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Possible to get "MD" degree from Irish schools

Discussion in 'UK & Ireland' started by ftcnt, May 2, 2007.

  1. ftcnt

    ftcnt Junior Member 10+ Year Member

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    Oct 29, 2004
    I know that the Irish med schools offer different degrees

    "Degrees Awarded

    In Ireland, successful candidates are awarded a total of three degrees upon their graduation from medical school: Medicine (MB), Surgery (BCh), and Obstetrics (BAO). These are the equivalent of the M.D. which is awarded in the USA and Canada. "

    but is it possible to get the MD if one does additional research and submits a thesis ? I've read and heard about this being an option...thanks
     
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  3. medgirl20

    medgirl20 Senior Member 10+ Year Member

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    Mar 22, 2005
    MD requires at least one year full time research after completion of your medical degree.
     
  4. Sage880

    Sage880 Senior Member 5+ Year Member

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    Jun 7, 2004
    Canada
    Their MD is a higher degree then the North American one. So if you have the Irish degree MB, BCh, BAO you can, and are expected to, use the title MD back home without additional work since they are equivilant. No one back in North America knows what the other degree means. Is that what you were worried about?
     
  5. ftcnt

    ftcnt Junior Member 10+ Year Member

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    Oct 29, 2004
    essentially yes. However, I know physicians that have graduated from schools that give provide a degree other than MD and that is what they write next to their names. Although, I realize the Irish MB, BCh, CAO is equivalent, i'm wondering if I were to get the MD, it would be one year after finishing medical school ?
     
  6. ramekin

    ramekin Junior Member 5+ Year Member

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    Feb 17, 2006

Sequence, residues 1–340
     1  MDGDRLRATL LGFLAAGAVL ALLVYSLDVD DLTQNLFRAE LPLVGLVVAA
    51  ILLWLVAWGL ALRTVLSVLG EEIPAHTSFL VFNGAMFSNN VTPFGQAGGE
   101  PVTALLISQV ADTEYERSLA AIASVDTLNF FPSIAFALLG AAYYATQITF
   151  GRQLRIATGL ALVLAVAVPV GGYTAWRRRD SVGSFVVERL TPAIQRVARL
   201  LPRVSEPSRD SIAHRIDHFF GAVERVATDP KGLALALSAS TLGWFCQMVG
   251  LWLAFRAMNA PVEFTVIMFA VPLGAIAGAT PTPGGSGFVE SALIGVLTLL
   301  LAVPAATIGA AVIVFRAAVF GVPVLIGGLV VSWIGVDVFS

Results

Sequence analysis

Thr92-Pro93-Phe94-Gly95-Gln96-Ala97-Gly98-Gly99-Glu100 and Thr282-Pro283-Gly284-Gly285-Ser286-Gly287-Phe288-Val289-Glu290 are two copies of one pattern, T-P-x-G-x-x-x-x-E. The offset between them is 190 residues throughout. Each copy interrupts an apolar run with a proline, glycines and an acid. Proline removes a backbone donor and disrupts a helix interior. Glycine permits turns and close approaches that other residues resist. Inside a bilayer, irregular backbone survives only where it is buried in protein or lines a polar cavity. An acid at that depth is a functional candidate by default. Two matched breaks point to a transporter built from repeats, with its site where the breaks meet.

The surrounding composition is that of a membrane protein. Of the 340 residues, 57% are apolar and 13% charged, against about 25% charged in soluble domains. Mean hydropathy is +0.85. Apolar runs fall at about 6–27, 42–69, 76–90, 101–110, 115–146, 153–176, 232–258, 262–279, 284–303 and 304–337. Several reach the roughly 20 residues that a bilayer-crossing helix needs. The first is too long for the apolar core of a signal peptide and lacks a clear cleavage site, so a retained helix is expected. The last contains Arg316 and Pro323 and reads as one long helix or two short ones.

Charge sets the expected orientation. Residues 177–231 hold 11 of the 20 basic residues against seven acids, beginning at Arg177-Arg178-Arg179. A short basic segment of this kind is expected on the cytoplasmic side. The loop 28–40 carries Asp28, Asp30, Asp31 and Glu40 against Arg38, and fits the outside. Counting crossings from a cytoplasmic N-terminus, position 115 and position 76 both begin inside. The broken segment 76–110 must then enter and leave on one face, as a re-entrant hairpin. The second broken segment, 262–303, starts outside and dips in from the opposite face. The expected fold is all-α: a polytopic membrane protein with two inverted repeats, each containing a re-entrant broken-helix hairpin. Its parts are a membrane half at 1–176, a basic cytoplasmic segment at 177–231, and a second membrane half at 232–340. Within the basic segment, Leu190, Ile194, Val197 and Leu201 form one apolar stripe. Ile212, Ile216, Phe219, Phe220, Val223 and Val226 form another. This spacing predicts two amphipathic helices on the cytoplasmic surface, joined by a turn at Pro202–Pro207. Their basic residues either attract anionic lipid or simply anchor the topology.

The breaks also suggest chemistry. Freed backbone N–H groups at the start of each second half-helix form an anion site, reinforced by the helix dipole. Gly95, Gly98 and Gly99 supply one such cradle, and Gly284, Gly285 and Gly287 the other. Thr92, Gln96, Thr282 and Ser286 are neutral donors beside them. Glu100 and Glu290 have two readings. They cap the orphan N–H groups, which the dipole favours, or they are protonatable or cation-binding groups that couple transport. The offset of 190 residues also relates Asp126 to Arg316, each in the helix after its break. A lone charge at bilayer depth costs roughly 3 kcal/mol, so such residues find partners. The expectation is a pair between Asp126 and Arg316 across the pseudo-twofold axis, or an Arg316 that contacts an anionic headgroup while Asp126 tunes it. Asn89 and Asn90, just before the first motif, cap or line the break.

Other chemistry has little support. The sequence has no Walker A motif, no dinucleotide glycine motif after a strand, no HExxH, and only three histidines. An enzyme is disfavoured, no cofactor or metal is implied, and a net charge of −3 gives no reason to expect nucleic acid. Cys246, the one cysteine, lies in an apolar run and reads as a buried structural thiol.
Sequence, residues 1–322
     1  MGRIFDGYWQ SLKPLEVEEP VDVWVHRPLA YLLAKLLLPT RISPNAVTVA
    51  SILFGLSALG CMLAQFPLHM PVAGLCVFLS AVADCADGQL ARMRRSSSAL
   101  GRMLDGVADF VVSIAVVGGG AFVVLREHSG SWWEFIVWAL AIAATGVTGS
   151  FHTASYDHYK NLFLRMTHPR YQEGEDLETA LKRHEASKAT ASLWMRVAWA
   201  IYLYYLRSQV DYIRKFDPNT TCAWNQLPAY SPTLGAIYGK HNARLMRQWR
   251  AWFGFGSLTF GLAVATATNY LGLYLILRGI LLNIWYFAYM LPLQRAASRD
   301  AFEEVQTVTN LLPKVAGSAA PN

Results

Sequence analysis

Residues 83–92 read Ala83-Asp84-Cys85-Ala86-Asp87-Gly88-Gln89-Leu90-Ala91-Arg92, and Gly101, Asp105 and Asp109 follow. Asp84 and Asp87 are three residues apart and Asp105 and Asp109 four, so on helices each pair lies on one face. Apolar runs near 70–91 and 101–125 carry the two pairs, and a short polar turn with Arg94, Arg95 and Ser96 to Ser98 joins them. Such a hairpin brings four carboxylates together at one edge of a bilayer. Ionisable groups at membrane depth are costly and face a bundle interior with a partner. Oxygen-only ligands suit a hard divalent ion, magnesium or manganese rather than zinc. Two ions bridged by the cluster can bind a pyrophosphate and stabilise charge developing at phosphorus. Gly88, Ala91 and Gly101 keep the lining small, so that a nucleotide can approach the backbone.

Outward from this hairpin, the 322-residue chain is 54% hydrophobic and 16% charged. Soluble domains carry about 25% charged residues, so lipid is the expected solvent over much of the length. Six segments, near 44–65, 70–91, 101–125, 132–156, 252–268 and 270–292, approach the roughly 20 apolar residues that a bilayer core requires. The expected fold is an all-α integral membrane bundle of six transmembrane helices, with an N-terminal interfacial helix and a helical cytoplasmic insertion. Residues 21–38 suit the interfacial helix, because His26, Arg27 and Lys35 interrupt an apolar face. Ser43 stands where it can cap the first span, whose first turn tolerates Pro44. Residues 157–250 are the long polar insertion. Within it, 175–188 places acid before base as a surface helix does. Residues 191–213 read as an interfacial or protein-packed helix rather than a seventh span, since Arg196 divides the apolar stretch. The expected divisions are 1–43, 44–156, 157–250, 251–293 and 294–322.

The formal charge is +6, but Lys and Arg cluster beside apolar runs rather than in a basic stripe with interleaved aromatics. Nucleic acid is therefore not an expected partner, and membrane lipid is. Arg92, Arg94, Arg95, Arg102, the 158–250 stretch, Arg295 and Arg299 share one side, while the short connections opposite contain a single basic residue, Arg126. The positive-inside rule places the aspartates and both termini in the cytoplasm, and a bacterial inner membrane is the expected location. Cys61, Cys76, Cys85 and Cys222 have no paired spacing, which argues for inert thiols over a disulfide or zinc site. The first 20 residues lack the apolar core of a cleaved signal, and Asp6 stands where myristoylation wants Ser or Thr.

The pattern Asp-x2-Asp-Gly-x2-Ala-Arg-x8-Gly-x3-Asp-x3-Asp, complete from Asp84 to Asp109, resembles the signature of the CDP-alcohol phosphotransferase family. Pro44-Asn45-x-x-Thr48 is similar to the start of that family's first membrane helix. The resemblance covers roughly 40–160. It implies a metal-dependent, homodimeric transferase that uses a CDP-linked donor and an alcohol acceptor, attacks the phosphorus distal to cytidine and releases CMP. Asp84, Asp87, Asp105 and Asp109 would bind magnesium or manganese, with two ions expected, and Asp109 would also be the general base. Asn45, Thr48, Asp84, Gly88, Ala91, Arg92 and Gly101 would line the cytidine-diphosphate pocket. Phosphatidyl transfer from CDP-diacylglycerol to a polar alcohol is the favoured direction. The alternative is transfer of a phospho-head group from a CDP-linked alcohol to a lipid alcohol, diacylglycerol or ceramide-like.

It would be whenever you decide to embark on your own research and the availability of research posts in the area of your interest and whether or not you'd be a competitive candidate for those studentships. I believe most doctors undertake research for higher degrees (MD or PhD) once they begin to specialise (so 2-4 years after finishing medical school) and it takes one year full-time and two or more years if studied part-time.
     
  7. ftcnt

    ftcnt Junior Member 10+ Year Member

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    Oct 29, 2004
    im just thinking that if one is to finish med school and then go to north america for residency, such a thing would be not possible. ok its good to know the options out there. has anyone done or head of someone completing their MD and then going to residency in Canada or the US?
     
  8. Trinners

    Trinners Universitas Dubliniensis 10+ Year Member

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    May 27, 2002
    Dublin, Ireland
    The Doctor in Medicine degree is an unsupervised research degree that takes a minimum of 1 year but usually 2-3 years of research. You cannot present a thesis for this degree until 3 years have passed since you've got your primary medical qualification.

    The universities usually won't accept registration for the MD degree unless you're a Registrar in one of the teaching hospitals associated with the university.

    To be honest I'm not sure why a North American would want to complete an MD before returning for residency in the US. The degree does not mean much outside the UK/Ireland. Getting as far as a Registrar in Ireland means doing an internship and 2 years of SHO in a scheme and then sitting the membership in surgery (MRCS) or in medicine (MRCPI). All these additional qualifications are essentially worthless in the US!
     
  9. ftcnt

    ftcnt Junior Member 10+ Year Member

    54
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    Oct 29, 2004
    thanks for the helpful info
     

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